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The Commerical Appeal (US)
Memphis, Tennessee, newspaper
October 3, 1998
TRADING HEART TO HEARTS FOR BUTT? AMOS EXPLAINS.
by Jody Callahan, The Commerical Appeal
Tori Amos stops the conversation in mid-sentence with the words, "Just a minute, honey." She follows that with, "I'm just writing down my Starbucks order."
This snippet is vintage Tori Amos: The singer-songwriter is a stream of consciousness brought to life.
You listen to her records, you watch her shows, you chat with her on the phone, this is the Tori Amos you see: a woman completely uninhibited by normal conversation, a woman who could be talking about author and friend Neil Gaiman one moment and Christianity's failings the next. And in between, maybe she'll tell you she's painting her nails and that Texas, where's she's calling from, is particularly dry this time of year which accounts for her somewhat scratchy voice.
When listening to her, or watching her, you also see a woman who invites-- no begs strangers to visit her in her most private places. She has no closed doors, no taboos.
This is one of the most shocking things about Amos, this ability to dissect herself for her audience, to open up for the world to see and hear moments and experiences most of us would hide away forever.
"It's a beautiful connection you can have with strangers. You don't have to sit down with them and have spaghetti on a holiday like you do with your family. There are things you can't say to family and friends that you might offend them that you can say to strangers," she said.
That intimacy is not always easy, though. Her latest record, "from the choirgirl hotel," has its genesis in the singer's miscarriage around Christmas 1996.
The baby-conceived with Mark Hawley, then her sound engineer and now her husband-was three months along, doctors believed the pregnancy would proceed as expected. They were wrong, and Amos was devastated.
When asked, she hesitates, just for a moment, then opens this door as she does all others, as she did in many of the lyrics on the new record.
"When it happened we were shocked because we thought we were out of the woods. And so it was heartbreaking for us," Amos, who married Hawley in February in a church in England, where she now lives.
"I was very connected to this little girl. I stay connected with her as I'm still connected with her. I felt like she taught me more than almost anyone in physical form has taught me. She taught me a lot and the situation taught me a lot," she added.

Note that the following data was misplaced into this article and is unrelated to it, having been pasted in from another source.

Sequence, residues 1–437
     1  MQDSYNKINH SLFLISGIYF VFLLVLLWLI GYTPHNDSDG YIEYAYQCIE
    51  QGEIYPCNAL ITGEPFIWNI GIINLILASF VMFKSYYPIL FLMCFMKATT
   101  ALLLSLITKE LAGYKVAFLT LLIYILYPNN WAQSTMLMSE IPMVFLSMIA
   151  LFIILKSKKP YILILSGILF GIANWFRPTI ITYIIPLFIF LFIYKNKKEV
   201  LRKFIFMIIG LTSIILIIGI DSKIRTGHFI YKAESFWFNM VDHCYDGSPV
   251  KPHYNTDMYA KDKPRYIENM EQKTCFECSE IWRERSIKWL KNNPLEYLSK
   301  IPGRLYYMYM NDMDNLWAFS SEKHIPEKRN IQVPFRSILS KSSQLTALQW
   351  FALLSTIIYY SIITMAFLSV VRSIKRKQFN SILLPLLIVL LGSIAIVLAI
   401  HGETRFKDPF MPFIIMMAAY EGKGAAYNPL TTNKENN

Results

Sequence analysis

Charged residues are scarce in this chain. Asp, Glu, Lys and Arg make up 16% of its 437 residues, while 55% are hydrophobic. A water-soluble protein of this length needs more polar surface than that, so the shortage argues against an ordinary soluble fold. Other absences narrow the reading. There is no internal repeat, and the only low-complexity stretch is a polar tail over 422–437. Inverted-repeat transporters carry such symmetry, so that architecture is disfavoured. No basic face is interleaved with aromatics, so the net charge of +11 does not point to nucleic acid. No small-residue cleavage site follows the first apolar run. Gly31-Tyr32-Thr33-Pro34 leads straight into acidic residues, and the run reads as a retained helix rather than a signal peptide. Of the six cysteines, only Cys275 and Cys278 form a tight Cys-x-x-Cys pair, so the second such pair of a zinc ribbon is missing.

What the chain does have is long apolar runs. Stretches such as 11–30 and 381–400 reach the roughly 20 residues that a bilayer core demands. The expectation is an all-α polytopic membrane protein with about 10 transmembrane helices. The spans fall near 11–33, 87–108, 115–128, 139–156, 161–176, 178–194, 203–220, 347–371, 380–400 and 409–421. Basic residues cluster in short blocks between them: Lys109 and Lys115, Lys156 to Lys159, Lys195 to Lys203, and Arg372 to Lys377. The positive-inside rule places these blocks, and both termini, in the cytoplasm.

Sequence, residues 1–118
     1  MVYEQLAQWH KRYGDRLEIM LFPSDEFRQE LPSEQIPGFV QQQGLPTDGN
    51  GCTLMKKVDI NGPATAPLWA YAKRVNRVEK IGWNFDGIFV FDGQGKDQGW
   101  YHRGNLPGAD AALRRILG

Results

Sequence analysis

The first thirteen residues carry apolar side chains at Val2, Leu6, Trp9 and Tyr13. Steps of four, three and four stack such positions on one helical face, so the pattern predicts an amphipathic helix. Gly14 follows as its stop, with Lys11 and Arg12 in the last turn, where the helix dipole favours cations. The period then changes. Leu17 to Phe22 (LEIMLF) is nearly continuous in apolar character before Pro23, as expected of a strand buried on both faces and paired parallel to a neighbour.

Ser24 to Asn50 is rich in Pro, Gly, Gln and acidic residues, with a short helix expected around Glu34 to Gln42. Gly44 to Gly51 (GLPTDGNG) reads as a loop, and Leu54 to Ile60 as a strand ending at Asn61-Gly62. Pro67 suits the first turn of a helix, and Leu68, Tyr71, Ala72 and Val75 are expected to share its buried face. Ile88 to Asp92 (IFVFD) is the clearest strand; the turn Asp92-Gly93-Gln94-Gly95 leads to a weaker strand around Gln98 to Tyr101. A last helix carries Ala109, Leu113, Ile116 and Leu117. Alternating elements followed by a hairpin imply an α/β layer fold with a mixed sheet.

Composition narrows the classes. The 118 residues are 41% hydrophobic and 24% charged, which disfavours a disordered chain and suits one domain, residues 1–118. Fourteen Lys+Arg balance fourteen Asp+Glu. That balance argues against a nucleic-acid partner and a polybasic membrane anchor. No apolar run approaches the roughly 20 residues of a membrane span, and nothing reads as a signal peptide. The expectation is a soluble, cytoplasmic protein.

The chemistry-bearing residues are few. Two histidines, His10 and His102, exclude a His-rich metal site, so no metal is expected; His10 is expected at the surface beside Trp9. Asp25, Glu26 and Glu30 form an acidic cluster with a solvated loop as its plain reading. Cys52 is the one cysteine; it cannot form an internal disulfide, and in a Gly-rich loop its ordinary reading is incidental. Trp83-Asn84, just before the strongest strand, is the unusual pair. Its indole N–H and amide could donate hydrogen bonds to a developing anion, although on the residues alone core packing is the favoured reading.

Amos has always love-hate relationship with religion. Her father is Rev. Edison Amos, a Methodist from Mother Carolina, and Amos was raised within the Christian religion. But she's always rebelled against that, in life and song. The loss of her baby only intensified that rebellion.
"Losing my baby was a very confrontational experience with the Christian God. In that moment, I really understood that no deity was on my altar anymore," she said.
"There are no guarantees, I was kind of misled in the Christian church, that if you do XYZ, certain things will happen to you. The angel will take care of you," she add. "But the angels sometimes they're at a rave."
If you've listened to her new record, you've probably noted that it's a bit different from her earliest efforts (partically the faux-metal record "Y Kant Tori Read," which now sells for $500 at record shows. When asked her thoughts on that record, Amos said, "I don't play it in the live show, let's put it that way.")
Her first solo record, "Little Earthquakes" was an acoustic, piano-driven record spawned the melancholy single Silent all these Years.
Her second was "Under the Pink" a fuller-sounding record she has since called her version of an "Impressionistic painting." The third, "Boys for Pele" was something of a confused, almost indulgent, record.
The new one, however, is the first that's been recorded with a full band, unlike "Pink's"sparse instrumentation here and there. That has created a different sound, one that's thick and rich,one that longtime fans may have to adjust to.
"When we were in the studio and Matt (Chamberlain), the drummer, and Andy (Gray, the programmer: were just groovin' with Cruel, I realized that the piano was just not working. It just, too many chiefs. I said, you know, I need to be a good Indian," said Amos, whose mother is half Cherokee. "Anyway, with Cruel, I took my hands off the piano and that's how we cut it."
Since Amos is also touring with a full band-guitar, bass, drums-for the first time, will this affect the intimacy with the audience she has long enjoyed? Will fans respond to the full sound as much as they do to her whisper of a voice behind the piano? She hopes so.
"This is the thing. This is the plugged tour. I haven't hidden it or kept it secret," she said."We might be trading a bit of intimacy for a bit of butt."
"Butt, you know, low-end bottom. There is a kind of rhythm thing going on that you can only get from a rhythm section. You can't trade, for instance, snow and rain. They're different elements. They just are."
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